Tuesday, February 25, 2014

Quick links to "Ten Dimensions" resources for #RSAC folks

This post is aimed at folks attending my RSA Conference talk on Wednesday, but could be useful for anyone who wants to catch up on the topics.

My talk is at 10:40am - 11:00am in Moscone West, Room: 2020.  Immediately after the talk, I'll be moving to the "Continuing the Conversation" space in the 2nd floor lobby of Moscone West.  I'll be wearing a black EFF hat, in case you want to pick me out of a crowd.

This is 20 minute talk, so it will only be an introduction to the topics.  My main goal is to stimulate your interest to learn more and to dig into these resources:
Not directly related to the above, but here's the slides for the talk I gave Monday at BSides-SF:
If we don't connect at the conference for some reason, feel free to email me at russell ♁ thomas ❂ meritology ♁ com.  (Earth = dot; Sun = at)

And if you've come this far and you aren't following me on twitter -- @MrMeritology -- what's wrong with you?  Follow, already! ☺

How to aggregate ground-truth metrics into a performance index

My remix of a painting by William Blake,
with the Meritology logo added. Get it?
He's shedding light on an impossible shape.
(Click to enlarge)
The general problem is this:
How can we measure aggregate performance on an interval or ratio scale index when we have a hodge-podge of ground-truth metrics with varying precision, relevance, reliability, and that are incommensurate with each other?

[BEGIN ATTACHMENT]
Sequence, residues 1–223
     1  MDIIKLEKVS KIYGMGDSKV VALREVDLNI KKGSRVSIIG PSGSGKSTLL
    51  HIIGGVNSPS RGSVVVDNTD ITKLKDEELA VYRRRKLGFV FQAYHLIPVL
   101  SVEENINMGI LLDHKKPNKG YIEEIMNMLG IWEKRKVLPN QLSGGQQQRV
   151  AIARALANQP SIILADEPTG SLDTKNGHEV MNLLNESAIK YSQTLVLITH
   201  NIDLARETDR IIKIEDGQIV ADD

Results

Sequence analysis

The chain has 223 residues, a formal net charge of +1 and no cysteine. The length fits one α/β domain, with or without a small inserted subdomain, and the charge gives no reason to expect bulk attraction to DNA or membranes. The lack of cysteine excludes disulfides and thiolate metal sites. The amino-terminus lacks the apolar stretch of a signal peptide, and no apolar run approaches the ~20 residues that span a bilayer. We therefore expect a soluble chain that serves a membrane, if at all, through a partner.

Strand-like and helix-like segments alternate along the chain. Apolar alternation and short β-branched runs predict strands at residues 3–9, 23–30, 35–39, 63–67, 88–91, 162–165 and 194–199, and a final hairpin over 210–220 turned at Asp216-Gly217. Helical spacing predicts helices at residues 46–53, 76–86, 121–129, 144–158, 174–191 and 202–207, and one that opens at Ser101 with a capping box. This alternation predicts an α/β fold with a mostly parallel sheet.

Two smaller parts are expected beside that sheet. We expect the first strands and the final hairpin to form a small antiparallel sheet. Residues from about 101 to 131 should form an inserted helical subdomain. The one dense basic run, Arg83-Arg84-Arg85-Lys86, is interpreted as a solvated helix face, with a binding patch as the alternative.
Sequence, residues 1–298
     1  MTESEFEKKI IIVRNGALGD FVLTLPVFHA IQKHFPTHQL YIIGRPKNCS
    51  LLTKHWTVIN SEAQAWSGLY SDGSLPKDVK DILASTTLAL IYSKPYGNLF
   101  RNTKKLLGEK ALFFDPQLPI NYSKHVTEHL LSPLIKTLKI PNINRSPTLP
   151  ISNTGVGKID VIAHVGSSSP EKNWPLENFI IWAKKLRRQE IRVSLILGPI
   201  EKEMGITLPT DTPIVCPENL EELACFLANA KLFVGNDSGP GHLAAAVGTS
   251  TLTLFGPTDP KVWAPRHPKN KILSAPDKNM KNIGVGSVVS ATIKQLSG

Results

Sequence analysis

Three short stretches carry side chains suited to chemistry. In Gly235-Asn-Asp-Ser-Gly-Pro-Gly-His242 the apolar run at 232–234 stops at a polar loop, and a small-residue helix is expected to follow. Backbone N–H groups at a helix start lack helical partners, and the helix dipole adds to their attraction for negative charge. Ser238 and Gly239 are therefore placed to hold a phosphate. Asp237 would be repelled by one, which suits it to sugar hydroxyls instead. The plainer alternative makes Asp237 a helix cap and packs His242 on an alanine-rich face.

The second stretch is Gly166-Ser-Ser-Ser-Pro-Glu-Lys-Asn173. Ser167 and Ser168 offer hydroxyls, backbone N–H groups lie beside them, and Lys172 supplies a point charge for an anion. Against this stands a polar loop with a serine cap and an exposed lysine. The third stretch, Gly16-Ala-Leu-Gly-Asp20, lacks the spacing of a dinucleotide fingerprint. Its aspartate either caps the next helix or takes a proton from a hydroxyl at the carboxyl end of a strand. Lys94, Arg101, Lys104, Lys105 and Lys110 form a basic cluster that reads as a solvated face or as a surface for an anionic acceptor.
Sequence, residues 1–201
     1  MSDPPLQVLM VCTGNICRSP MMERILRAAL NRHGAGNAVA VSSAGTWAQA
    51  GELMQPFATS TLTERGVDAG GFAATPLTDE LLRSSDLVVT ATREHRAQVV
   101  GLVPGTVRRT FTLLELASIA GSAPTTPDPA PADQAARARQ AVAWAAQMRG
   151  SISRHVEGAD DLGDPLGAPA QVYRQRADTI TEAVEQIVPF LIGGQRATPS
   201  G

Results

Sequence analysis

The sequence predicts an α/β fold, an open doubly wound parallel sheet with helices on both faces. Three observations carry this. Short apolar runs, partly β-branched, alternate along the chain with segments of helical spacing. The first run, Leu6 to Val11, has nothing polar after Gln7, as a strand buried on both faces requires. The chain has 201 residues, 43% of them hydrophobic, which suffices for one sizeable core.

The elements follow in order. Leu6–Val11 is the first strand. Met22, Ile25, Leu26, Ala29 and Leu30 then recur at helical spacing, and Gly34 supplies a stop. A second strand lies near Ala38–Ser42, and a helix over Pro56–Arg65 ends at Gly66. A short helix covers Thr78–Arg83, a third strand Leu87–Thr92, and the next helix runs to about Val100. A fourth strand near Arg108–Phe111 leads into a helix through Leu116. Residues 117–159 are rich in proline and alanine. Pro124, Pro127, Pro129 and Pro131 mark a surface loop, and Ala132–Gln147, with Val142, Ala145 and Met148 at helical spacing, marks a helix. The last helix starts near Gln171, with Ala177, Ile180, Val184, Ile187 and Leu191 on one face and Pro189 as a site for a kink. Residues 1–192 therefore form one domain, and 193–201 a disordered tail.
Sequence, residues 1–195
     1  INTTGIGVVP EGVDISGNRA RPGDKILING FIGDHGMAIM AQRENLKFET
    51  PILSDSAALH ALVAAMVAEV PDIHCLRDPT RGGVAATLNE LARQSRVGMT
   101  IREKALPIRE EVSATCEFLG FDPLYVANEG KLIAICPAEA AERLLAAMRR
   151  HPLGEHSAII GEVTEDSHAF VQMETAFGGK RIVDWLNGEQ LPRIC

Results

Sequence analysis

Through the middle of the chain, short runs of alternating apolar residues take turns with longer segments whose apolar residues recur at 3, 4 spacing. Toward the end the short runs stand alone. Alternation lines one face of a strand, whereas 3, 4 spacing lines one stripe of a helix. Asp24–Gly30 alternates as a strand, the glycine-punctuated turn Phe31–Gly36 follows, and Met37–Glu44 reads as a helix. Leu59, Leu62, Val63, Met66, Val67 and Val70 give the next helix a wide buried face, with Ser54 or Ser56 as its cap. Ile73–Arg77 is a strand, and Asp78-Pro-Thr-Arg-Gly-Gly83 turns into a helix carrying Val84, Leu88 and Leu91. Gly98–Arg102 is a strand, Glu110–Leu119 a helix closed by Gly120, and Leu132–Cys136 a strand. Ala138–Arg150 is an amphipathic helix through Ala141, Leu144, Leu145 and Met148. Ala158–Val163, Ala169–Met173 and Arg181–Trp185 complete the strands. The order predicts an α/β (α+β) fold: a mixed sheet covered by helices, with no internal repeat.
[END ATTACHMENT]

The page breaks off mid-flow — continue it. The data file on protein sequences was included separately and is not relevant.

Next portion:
Here's a specific example from the Ten Dimensions:
How can we measure overall Quality of Protection & Controls if our ground-truth metrics include false positives percentages, false negatives percentages, exceptions number of exceptions, various "high-medium-low" ratings, audit results, coverage percentages, and a bunch more?
I've been wrestling with this problem for a long time, both in information security and elsewhere.  So have a lot of other people.  I while back I had an insight that the solution may be to treat it as an inference problem, not a calculation problem (described in this post). But I didn't work out the method at that time.  Now I have.

In this blog post, I'm introducing a new method.  At least I think it's new because, after much searching, I haven't been able to find any previously published papers. (If you know of any, please contact me or comment to this post.)

The new method is innovative but I don't think it's much more complicated or mathematically sophisticated than the usual methods (weighted average, etc.), but it does take a change in how you think about metrics, evidence, and aggregate performance.  Even though all the examples below are related to information security, the method is completely general.  It can apply to IT, manufacturing, marketing, R&D, governments, non-profits... any organization setting where you need to estimate aggregate performance from a collection of disparate ground-truth metrics.

This post is a tutorial and is as non-technical as I can make it. As such, its is on the long side, but I hope you find it useful.  A later post will take up the technicalities and theoretical issues. (See here for Creative Commons licensing terms.)